J.C. from Hartford County writes:
Dear Mister Condo,
There is a relative of one of our home owners whom is homeless by choice and sleeps in her car in the homeowners’ carport for the winter. How can we stop this?
Mister Condo replies:
J.C., Yikes! That is most unfortunate. Homelessness is an epidemic all across the nation and condominium and HOAs are certainly not immune from the problem. I hope this person gets the help they need but I can understand the concern of you and your neighbors as to how best to address this issue. As I usually suggest, you need to begin with your condominium’s governing documents. My guess is that they spell out how the carport can and cannot be used. Clearly, the intention of a carport is to house automobiles. The documents may not explicitly spell out that people are not allowed to sleep in cars housed in the carport but your Board can add language to the documents to clarify the rule. I would recommend that the association consult with an attorney who specializes in community association law so as to make sure that the language used doesn’t discriminate against any one unit owner. The association doesn’t want to end up defending itself in a discrimination lawsuit because it targeted one unit owner. Whatever rule is passes needs to be universally applied to all unit owners. I am guessing that won’t be a problem unless other unit owners are sleeping in their cars in the carport.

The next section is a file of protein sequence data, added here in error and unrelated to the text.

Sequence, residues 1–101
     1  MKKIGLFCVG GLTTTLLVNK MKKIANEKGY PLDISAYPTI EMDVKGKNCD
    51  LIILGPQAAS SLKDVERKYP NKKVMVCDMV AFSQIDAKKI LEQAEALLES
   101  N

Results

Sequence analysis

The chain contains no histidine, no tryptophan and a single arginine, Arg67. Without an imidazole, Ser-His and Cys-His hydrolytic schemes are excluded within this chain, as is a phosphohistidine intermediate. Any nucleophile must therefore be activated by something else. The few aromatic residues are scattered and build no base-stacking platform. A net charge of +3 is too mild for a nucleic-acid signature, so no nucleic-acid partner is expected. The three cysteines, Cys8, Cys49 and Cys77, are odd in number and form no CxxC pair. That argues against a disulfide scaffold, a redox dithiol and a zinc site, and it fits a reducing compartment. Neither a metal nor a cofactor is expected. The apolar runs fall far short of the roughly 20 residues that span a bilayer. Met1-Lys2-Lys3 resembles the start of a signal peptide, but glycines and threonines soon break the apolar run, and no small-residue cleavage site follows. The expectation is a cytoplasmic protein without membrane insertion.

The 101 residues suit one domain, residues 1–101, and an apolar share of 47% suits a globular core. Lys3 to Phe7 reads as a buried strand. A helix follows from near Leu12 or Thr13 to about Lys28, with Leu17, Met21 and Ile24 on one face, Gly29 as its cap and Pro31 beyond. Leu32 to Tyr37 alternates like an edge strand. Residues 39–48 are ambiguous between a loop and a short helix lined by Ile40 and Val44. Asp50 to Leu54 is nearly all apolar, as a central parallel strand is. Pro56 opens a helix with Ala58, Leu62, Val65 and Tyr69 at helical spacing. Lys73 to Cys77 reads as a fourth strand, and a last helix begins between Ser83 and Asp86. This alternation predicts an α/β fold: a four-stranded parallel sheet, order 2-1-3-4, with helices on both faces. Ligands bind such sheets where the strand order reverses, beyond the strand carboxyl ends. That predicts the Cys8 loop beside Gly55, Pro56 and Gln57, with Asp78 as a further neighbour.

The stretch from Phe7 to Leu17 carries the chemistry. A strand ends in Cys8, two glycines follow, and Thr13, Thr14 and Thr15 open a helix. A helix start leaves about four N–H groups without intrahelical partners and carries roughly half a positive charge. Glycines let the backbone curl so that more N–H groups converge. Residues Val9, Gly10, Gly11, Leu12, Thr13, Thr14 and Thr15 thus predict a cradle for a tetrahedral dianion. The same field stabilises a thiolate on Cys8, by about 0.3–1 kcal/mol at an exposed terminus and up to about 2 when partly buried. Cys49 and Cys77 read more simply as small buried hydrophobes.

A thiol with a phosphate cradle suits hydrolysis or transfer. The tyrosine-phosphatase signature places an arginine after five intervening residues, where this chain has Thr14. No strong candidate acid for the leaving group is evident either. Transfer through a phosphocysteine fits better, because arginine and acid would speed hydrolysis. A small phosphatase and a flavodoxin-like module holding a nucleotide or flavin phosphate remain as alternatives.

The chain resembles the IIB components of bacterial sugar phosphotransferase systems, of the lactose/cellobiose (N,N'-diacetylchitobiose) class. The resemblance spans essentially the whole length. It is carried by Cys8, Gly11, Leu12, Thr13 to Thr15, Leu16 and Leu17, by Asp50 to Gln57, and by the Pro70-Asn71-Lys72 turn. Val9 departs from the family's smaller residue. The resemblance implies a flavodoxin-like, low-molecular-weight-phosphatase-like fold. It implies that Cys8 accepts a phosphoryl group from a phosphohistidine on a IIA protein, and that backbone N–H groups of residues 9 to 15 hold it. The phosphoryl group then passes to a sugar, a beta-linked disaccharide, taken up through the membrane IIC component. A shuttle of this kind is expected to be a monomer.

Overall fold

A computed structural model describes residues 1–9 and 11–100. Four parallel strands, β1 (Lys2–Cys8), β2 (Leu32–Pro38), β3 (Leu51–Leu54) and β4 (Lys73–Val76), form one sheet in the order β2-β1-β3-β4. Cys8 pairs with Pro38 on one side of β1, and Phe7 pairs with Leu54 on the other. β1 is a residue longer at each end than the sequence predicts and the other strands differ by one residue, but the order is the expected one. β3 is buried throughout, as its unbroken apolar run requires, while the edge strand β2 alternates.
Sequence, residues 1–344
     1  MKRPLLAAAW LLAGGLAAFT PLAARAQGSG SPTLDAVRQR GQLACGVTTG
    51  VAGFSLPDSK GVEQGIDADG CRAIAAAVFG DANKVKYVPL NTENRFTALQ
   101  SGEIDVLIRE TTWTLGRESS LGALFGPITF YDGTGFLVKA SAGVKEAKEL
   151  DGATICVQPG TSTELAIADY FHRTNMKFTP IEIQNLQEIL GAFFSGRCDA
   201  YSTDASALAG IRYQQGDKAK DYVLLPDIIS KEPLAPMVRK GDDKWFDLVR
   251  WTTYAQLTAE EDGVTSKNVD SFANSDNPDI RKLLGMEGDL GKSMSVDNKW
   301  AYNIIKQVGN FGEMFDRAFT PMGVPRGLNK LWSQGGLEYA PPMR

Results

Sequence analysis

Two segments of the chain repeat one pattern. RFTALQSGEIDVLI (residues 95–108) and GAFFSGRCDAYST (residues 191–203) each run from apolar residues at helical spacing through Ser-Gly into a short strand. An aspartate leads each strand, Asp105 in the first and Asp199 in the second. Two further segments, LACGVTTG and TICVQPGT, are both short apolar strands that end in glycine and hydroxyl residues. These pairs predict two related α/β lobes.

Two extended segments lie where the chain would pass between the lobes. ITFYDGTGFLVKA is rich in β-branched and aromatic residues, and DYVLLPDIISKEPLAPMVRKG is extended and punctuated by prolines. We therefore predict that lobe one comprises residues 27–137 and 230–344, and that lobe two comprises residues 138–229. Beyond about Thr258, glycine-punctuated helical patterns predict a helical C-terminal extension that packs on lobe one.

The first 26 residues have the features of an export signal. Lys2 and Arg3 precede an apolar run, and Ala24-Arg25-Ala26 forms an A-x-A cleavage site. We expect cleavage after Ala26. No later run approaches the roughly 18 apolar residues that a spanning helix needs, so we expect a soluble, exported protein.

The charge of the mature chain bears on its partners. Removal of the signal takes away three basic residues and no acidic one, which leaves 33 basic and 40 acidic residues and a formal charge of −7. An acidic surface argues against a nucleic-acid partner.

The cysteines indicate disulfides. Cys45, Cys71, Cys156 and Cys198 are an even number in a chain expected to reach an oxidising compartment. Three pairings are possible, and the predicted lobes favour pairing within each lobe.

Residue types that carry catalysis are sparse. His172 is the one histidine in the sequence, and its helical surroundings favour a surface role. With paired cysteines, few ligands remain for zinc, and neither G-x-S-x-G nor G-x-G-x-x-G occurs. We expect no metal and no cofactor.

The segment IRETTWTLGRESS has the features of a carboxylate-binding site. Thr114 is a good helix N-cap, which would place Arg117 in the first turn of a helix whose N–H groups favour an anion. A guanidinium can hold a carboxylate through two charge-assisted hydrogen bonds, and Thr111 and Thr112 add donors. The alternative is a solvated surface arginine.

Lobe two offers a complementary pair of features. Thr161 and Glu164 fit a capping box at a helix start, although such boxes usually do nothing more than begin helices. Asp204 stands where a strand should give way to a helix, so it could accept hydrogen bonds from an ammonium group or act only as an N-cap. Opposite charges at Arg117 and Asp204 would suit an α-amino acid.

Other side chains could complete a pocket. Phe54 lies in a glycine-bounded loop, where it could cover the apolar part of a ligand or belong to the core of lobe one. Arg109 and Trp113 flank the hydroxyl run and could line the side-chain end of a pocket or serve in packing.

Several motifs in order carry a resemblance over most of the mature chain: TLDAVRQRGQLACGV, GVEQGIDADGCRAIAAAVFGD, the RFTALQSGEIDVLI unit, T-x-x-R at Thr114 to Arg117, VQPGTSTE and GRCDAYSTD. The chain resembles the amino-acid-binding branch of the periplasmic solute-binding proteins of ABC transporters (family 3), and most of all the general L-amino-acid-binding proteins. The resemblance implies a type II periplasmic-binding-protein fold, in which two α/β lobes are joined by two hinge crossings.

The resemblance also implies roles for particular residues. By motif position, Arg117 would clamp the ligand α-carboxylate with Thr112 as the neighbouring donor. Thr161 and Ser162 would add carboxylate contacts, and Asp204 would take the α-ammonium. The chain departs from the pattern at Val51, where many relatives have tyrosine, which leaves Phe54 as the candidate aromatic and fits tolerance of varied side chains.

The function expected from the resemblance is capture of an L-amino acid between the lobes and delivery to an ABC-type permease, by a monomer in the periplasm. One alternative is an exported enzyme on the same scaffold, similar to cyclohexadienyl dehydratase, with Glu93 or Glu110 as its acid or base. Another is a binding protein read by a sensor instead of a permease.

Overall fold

I assume that this relative is aware of this person sleeping in their car. The bigger question for me is why aren’t they inviting them into their home to sleep? It seems awfully cruel to ask a human to sleep in a car and it seems cruel to offer only limited assistance to a relative who is down on their luck to the point they have become homeless, even if it is by their own choice as you have stated. The association has every right to insist that they sleep elsewhere and not on association-owned common ground. Good luck to this individual and your association!